Who will make the cut, and who will be cut, as we head into the regular season?
We are about a week-and-a-half away from Major League Baseball's Opening Day. It's time now for ball clubs everywhere to start cutting personnel as they finalize their 25-man rosters.
There are a number of players who are at risk of being released by their current teams as spring training rolls along. Typically, these are aging veterans who are struggling in exhibition games, who are injured and unlikely to be ready for Opening Day, or who are playing crowded positions and have fallen out of favor with their organizations.
Luis Castillo, Oliver Perez and Garrett Atkins have already been given the ax by their clubs (Castillo has since latched on with the Phillies on a minor-league contract).
Here is a look at some other major-league veterans who could be next on the chopping block.
Has Aaron Rowand worn out his welcome in San Fran?
In 2007, Aaron Rowand put together the best season of his career. As a member of the Philadelphia Phillies, he smacked 27 home runs, drove in 89 runs and he was an All-Star for the first (and so far only) time.
In no time, Rowand cashed in on that season. He signed a five-year, $60 million contract with the San Francisco Giants before Christmas that year. For the Giants, that contract hasn't exactly worked out the way they were hoping.
Since 2008, Rowand has a total of 39 home runs and he has been relegated to being a part-time center fielder for the G-Men.
Rowand is owed a total of $24 million over the next two seasons, but with the plethora of outfielders the Giants currently have, there may not be room for a struggling 33-year-old at AT&T Park. Cody Ross, Nate Schierholtz, Andres Torres, Mark DeRosa and Darren Ford are all battling Rowand for playing time in a crowded Giants outfield.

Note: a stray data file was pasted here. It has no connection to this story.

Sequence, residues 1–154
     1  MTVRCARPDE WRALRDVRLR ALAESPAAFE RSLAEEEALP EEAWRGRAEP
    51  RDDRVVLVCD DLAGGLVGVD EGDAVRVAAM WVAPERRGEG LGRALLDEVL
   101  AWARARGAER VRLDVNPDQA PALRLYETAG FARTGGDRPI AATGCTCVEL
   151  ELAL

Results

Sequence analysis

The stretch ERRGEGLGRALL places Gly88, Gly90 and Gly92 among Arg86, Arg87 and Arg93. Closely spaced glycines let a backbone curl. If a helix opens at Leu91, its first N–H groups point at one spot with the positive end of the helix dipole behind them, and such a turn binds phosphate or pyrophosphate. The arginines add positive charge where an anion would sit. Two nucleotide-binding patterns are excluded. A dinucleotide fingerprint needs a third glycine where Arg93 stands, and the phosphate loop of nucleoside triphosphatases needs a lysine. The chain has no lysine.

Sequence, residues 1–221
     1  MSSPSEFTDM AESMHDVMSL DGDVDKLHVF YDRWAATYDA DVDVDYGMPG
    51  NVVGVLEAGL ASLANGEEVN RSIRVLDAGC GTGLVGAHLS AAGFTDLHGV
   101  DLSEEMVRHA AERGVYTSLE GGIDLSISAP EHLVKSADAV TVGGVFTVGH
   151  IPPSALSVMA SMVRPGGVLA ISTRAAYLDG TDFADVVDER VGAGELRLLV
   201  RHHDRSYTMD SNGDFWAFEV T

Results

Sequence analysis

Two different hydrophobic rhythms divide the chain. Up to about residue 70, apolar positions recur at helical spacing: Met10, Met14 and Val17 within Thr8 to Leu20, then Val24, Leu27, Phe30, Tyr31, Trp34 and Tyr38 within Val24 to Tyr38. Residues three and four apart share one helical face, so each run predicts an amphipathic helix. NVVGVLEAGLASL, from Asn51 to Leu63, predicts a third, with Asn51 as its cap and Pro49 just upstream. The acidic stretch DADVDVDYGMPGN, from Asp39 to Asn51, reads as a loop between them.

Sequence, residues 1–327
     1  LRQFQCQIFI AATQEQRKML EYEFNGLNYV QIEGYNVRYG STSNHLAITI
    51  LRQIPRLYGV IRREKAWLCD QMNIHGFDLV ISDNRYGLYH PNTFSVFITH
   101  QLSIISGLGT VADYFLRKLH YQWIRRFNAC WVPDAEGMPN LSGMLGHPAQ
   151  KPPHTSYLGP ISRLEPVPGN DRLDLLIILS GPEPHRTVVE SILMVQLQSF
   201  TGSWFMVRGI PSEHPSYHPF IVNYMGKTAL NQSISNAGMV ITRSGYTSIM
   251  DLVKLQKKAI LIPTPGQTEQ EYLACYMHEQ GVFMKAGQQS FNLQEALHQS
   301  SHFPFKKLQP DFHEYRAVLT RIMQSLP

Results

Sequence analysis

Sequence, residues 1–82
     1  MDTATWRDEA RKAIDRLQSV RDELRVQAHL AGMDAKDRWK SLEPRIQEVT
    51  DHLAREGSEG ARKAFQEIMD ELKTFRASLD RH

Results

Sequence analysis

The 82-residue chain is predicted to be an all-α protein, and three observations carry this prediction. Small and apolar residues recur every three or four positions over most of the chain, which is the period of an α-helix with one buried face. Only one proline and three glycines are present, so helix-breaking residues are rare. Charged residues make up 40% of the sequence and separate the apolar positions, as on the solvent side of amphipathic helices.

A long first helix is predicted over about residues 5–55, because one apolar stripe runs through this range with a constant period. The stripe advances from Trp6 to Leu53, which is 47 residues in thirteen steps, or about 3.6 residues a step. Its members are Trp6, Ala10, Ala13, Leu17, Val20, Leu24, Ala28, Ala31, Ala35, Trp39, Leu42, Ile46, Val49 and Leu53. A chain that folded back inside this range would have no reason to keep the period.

The Giants auditioned Rowand in left field on Sunday, as they are trying to display his talents in hopes of a possible trade before Opening Day. With his spring training batting average hovering around the Mendoza line, though, it may be tough to trade him.
Brandon Wood has not exactly lived up to the hype or the potential he showed in the minor leagues.
Brandon Wood just turned 26 years old, and already he has become a rather large disappointment for the Los Angeles Angels of Anaheim.
Wood, a former first-round pick, showed incredible power potential in the minor leagues. Over eight minor-league seasons, Wood compiled over 160 home runs. Thus far, however, Wood has not been able to translate that into major-league success.
While bouncing back and forth between the minors and majors, Wood has only 11 long balls and a batting average under the Mendoza line.
Wood, who can play all over the infield, is out of minor-league options. Despite having himself a decent spring training, the Angels infield may be a bit too crowded for this once highly touted yet highly disappointing prospect.
Nate Robertson will miss at least four weeks after undergoing arthroscopic surgery on his left elbow.
The Seattle Mariners signed left-hander Nate Robertson to a minor-league contract in January. He had hopes of winning a spot in the M's rotation for 2011. But now he may have to be content with just sticking with the team.
Robertson underwent arthroscopic surgery on his left elbow on Wednesday and he is expected to miss at least four weeks. Not only does this hurt his chances on being a part of the Mariners' starting five, but they very well may just choose to cut ties and move on.